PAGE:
Anti-smoking ad czar Phil Graham on how to market a COVID-19 vaccine
When Phil Graham, an Irish ad man who began his career hawking whiskey and wine for Pernod Ricard in the ‘90s, signed on with the then-upstart Truth Initiative as its marketing director 20 years ago, he was tasked with a monumental goal: ending youth smoking.
At the time of the campaign’s inception, around one in four American high schoolers used tobacco and the Philip Morrises of the world controlled the few anti-smoking narratives that existed. But Graham took a fact-based approach to cigarettes, staying the course as Truth’s messaging saturated local billboards and Super Bowl ad slots alike. The result: “Through 2004, approximately 450,000 adolescents were prevented from trying smoking nationwide,” a 2009 study published in the American Journal of Preventive Medicine said of the Truth Initiative, which is now cited as one of the most successful public health campaigns in recent memory.
With a post-Truth résumé that includes a decade-long stint at Mother New York, and now as the founding partner and CEO of consultancy Verdes, Graham is turning his attention to the next major health issue facing Americans: the push to inoculate millions against (and amid) a global pandemic. Early clinical trial results from Pfizer and Moderna are promising, but the body politic remains skeptical, with some reports suggesting fewer than half of Americans would opt to get vaccinated as soon as possible.
In a recent conversation with Ad Age, Graham offered some insight on how to run a public health campaign, how marketers should approach a polarized populace, and how to apply lessons learned from the crusade against Big Tobacco—and, years earlier, polio—to the current fight against COVID-19.
Why was the Truth Initiative successful?
I think one of the core reasons for Truth’s success was that it was so focused in its targeting and audience, aimed at what we called “sensation-seeking kids.” Basically, there were the teenagers who were using smoking as an expression of rebellion, and we knew early on that it was going to be really hard to take away that expression unless we were going to replace it with something. But if we could arm these teens with the knowledge that Big Tobacco has been manipulating them, then we’d give them a very different direction to point their rebellion, because an act is not rebellious if you’re being manipulated into it.
What angle of attack should marketers take to sell a COVID-19 vaccine to the public?
The sad part of it is that when a vaccine is actually available to people, we'll have experienced much of the worst of what COVID-19 is bringing on. So, fear messaging isn't going to work, because people will have already sacrificed so much, and the death toll is just going to get more and more horrific. On societal messaging, I think it's tempting to implement strategies such as “do it for the greater good,” but that’s probably unrealistic with the current environment we're in and the division in the country. That sort of leaves you with what has to become, potentially, the most localized, grassroots marketing approach that's ever existed in the country. Ultimately, this is personal, and I think a message of hope about a vaccine is going to have to happen on a very personal level—more than with any other public health initiative that predates it.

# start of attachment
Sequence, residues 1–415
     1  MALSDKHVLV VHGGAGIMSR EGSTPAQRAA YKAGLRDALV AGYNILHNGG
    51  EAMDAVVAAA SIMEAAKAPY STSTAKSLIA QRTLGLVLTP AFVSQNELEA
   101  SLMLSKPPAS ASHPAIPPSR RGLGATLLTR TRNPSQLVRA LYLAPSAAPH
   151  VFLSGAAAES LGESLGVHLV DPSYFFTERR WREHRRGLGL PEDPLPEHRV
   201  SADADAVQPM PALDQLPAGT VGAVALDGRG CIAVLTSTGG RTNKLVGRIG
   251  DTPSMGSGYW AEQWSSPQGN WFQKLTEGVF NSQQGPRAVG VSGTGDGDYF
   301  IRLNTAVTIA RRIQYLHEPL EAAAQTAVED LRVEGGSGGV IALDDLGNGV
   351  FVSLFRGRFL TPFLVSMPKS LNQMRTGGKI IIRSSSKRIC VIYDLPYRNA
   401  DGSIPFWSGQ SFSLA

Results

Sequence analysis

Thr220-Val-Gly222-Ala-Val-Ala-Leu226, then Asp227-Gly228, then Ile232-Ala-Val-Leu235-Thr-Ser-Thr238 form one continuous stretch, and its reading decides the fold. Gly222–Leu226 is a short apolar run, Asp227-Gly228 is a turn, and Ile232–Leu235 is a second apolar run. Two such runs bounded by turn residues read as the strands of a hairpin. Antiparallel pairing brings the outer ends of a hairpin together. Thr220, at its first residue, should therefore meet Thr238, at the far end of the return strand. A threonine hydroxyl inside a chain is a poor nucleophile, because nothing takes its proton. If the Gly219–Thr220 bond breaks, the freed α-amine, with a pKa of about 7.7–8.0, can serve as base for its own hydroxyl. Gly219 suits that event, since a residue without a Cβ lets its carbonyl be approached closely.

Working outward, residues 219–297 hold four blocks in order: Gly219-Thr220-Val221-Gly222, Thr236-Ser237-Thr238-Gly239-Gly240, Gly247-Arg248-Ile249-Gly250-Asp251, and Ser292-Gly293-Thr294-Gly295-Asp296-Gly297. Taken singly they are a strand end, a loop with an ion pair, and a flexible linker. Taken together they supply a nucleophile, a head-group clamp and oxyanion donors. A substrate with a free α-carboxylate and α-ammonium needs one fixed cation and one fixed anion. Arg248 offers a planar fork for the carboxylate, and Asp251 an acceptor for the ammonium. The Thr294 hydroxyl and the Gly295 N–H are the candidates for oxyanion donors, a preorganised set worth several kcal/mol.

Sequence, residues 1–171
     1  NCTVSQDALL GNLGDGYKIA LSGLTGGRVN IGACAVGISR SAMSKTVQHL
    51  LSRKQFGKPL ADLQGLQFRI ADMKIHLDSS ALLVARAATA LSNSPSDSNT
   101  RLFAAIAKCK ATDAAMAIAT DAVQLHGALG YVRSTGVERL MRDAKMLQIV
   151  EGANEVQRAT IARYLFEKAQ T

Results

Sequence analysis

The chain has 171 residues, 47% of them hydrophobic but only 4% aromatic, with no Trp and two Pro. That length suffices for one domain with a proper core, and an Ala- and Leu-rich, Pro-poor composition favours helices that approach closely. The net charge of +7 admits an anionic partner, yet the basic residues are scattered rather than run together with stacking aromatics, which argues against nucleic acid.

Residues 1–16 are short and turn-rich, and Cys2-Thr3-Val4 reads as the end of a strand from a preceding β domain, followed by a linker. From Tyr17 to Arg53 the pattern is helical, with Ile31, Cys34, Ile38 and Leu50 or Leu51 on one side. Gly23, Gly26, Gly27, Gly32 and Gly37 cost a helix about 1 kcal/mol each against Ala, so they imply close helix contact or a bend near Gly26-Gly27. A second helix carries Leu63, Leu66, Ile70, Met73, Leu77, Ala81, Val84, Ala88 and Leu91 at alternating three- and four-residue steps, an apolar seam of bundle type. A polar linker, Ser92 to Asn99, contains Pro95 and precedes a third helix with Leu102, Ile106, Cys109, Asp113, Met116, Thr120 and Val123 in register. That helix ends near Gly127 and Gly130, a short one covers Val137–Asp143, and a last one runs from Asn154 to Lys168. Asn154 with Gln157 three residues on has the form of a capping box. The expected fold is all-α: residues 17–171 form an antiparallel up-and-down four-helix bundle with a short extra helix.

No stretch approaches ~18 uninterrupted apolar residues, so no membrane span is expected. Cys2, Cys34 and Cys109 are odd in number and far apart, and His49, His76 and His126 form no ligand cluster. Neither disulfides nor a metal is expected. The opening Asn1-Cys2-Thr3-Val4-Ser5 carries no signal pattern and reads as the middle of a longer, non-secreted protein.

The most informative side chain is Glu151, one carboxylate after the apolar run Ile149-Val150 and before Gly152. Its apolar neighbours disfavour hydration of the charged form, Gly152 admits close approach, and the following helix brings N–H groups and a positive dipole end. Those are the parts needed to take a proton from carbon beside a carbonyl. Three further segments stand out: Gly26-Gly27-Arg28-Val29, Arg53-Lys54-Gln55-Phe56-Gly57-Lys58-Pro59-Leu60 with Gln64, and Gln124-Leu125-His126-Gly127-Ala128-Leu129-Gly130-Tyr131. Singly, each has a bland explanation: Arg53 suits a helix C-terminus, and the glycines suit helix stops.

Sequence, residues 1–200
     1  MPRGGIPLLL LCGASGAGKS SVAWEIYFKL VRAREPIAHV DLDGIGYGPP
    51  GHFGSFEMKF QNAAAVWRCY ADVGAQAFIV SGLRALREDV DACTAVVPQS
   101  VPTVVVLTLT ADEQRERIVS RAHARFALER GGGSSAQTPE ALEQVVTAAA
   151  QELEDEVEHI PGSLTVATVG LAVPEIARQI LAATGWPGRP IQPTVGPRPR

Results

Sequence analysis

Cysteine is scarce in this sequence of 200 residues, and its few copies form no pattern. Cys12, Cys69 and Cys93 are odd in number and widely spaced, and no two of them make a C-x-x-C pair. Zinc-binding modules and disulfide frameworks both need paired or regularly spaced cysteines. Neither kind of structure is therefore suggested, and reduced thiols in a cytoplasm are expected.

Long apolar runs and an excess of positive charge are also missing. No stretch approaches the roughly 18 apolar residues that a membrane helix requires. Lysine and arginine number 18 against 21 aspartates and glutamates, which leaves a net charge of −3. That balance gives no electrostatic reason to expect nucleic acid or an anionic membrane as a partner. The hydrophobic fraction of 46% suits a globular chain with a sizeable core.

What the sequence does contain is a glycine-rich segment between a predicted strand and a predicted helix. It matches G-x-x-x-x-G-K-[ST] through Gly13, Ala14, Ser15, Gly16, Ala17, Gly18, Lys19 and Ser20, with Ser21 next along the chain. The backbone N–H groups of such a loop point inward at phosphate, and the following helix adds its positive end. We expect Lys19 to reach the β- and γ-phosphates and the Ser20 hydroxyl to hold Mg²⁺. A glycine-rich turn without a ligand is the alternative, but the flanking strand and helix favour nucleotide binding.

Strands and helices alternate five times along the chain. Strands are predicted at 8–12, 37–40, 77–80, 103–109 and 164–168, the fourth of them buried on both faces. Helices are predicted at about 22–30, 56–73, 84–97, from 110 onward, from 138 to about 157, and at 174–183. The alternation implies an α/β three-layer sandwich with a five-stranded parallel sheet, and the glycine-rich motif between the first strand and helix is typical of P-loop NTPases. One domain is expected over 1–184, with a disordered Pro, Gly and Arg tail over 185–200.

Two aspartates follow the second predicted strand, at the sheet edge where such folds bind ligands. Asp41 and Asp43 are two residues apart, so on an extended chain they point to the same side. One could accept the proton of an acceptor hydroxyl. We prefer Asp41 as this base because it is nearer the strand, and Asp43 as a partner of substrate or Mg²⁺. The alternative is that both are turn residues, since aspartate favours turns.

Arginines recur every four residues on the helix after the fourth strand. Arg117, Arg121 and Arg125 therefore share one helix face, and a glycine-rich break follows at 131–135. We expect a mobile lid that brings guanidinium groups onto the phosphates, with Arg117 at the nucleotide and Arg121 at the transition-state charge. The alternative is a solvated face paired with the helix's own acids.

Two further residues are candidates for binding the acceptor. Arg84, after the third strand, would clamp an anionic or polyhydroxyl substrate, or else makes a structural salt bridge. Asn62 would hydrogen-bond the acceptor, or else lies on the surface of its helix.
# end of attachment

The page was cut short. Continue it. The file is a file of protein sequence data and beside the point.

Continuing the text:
How can the challenge of a politicized pandemic be overcome?
We know about half of the U.S. is going to be fine with getting the vaccine as long as it’s deemed safe, so that means the other half of our population is, for whatever reason, ultimately skeptical about getting vaccinated. The good news is we don't have to talk to everyone, only that half. There's been so much talk for quite a long time now of the things that do divide Americans, but I have to believe that there are still a lot of binding agents in America that the vaccination campaign will potentially have to lean into.
What are the parallels between the push against youth smoking and the current vaccine marketing dilemma?
At Truth, we had a hyper-skeptical audience that simply wasn’t open to the message of “don't smoke.” But we realized that people don’t just naturally love smoking, they smoke because it’s a tool of rebellion. And I think if people are similarly seeing not getting a COVID-19 vaccine as a tool of expressing their values and beliefs, that's where we’ve got to target and say, “this isn't a tool to express yourself,” because the consequences of not getting vaccinated are so dire.
Tell us about Elvis
In the 1950s, there were many efforts to try to persuade Americans to get the polio vaccine, and some of them were successful, but among young people—who were the ones that really needed it—those efforts failed to gain much traction. One day (in 1956), the New York Department of Health heard that Elvis Presley was going to be on the Ed Sullivan Show, and they asked him if he'd be willing to have the polio vaccine backstage and be photographed to help promote it. He agreed, and the results were astonishing; within eight months or so, Elvis’ stunt had driven youth vaccination rates from around 10% to over 80%.
Do you have any contenders in mind to take on such a “vaccine ambassador” role in 2021?
There aren’t many ubiquitously popular people like Elvis left in this country today. Tom Hanks might be a name that pops to mind as someone who is this fatherly figure, and whose message might have some efficacy. Or even people like Dr. Anthony Fauci, God love him, who is still a voice most Americans look to for truthful information. But it's probably not going to be one person; it'll probably be many people appealing to different populations.